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Posts tagged Bonneville Salt Flats

Coastal Plains and Valleys and Great Basin of Western USA

39.7N 120W

July 29th, 2011 Category: Lakes, Salt Flats

USA - July 25th, 2011

The fertile green of the western coastal states of Washington, Oregon and California (from top to bottom) is striking in comparison to the more arid terrain of the Great Basin further inland. Parallel to the coast, nestled between mountain ranges is California’s Central Valley, an area of great agricultural production.

The Great Basin is the largest area of contiguous endorheic watersheds in North America and is noted for its arid conditions and Basin and Range topography. The region spans several physiographic divisions, biomes/ecoregions, and deserts. The large white expanse near the right edge of the image are the Bonneville Salt Flats, just west of the Great Salt Lake, in the state of Utah.

Bonneville Salt Flats West of Great Salt Lake, USA

40.7N 113.8W

May 17th, 2011 Category: Lakes, Salt Flats

USA - May 2nd, 2011

The Bonneville Salt Flats appear as a large white expansive stretching across the left side of this image of Utah.

It is a densely-packed salt pan in the northwestern part of the state that is a remnant of the Pleistocene Lake Bonneville, and the largest of many salt flats located west of the Great Salt Lake (the bright green body of water at the top of the image).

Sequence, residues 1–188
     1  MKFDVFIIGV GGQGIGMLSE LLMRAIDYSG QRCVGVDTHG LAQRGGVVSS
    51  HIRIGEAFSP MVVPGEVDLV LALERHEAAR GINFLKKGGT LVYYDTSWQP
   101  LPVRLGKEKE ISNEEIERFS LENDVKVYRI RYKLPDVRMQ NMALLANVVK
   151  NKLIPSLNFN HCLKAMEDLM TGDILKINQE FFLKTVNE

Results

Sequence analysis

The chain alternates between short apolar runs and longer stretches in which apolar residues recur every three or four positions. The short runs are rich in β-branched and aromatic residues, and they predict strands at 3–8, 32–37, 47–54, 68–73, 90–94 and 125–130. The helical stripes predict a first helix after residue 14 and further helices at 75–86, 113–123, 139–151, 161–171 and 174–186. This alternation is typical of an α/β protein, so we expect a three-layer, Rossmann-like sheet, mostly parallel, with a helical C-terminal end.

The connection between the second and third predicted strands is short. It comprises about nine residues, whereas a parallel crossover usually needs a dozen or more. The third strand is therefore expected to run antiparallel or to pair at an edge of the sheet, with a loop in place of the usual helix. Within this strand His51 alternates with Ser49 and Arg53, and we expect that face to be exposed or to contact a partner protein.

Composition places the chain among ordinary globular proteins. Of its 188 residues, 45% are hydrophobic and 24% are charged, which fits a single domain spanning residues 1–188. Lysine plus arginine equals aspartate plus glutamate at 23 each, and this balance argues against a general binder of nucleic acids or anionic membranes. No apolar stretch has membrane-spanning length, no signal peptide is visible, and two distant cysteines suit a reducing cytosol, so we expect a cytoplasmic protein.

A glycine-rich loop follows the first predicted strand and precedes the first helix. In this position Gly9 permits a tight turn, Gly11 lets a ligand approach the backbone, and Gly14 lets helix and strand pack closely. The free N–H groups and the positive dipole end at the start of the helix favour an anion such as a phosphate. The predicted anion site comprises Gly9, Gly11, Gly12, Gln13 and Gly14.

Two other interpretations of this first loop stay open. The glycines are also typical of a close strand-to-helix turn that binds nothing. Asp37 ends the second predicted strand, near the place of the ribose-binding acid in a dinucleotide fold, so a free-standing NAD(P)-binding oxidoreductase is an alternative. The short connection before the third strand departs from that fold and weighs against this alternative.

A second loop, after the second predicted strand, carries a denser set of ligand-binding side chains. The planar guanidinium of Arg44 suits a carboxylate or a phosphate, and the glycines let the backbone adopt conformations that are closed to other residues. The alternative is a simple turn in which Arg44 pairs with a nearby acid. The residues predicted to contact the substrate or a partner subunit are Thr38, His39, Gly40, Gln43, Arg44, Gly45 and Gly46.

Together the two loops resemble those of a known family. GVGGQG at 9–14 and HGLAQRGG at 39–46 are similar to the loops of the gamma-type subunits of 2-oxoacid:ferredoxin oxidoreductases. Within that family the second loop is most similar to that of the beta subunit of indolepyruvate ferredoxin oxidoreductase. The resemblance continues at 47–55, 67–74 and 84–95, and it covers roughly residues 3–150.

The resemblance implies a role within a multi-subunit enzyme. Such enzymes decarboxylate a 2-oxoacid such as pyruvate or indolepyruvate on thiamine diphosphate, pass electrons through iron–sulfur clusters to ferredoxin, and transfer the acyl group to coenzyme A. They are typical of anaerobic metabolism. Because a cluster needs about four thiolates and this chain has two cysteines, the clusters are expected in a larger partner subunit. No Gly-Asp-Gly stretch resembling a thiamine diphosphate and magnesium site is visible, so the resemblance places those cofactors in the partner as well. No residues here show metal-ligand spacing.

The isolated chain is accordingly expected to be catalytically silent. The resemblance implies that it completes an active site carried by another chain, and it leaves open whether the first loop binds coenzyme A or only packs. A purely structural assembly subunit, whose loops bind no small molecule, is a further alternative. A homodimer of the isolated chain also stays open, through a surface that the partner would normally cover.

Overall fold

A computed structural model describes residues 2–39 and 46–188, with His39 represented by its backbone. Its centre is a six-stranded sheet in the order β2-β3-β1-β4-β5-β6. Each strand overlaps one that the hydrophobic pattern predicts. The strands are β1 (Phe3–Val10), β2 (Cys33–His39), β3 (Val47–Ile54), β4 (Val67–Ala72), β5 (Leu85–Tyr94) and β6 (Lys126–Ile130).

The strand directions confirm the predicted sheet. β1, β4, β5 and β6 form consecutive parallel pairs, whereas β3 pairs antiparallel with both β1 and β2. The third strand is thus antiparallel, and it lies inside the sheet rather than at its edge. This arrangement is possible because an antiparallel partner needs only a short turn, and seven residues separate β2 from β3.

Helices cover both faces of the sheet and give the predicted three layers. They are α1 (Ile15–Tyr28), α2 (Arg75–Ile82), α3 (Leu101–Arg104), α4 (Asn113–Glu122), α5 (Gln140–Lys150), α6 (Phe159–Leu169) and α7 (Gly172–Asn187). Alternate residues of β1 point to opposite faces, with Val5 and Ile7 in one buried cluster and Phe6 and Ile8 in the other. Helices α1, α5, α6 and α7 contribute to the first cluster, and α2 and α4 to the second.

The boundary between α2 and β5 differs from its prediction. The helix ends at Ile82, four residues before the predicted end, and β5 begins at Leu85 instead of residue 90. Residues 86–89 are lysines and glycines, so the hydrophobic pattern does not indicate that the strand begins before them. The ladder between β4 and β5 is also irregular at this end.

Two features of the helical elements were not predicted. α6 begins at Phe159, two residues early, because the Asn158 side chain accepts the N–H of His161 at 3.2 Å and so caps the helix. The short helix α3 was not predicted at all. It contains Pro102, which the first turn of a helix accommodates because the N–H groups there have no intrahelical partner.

Great Salt Lake and Bonneville Salt Flats, USA

40.7N 111.8W

May 14th, 2011 Category: Lakes, Salt Flats

USA - May 1st, 2011

This image shows the Great Salt Lake, located in the northern part of the U.S. state of Utah. Salt Lake City and its suburbs are located to the southeast and east of the lake, while the Bonneville Salt Flats lie to the west.

It is the largest salt water lake in the western hemisphere. In an average year the lake covers an area of around 1,700 square miles (4,400 km2), but the lake’s size fluctuates substantially due to its shallowness.

A railroad line — the Lucin Cutoff — runs across the lake, crossing the southern end of Promontory Peninsula. The mostly-solid causeway supporting the railway divides the lake into three portions: the northeast arm, northwest arm, and southern.

This causeway prevents the normal mixing of the waters of the lake due to the fact that there are only three 100-foot (30 m) breaches. This is why in this image the northern half of the lake appears much darker than the southern half.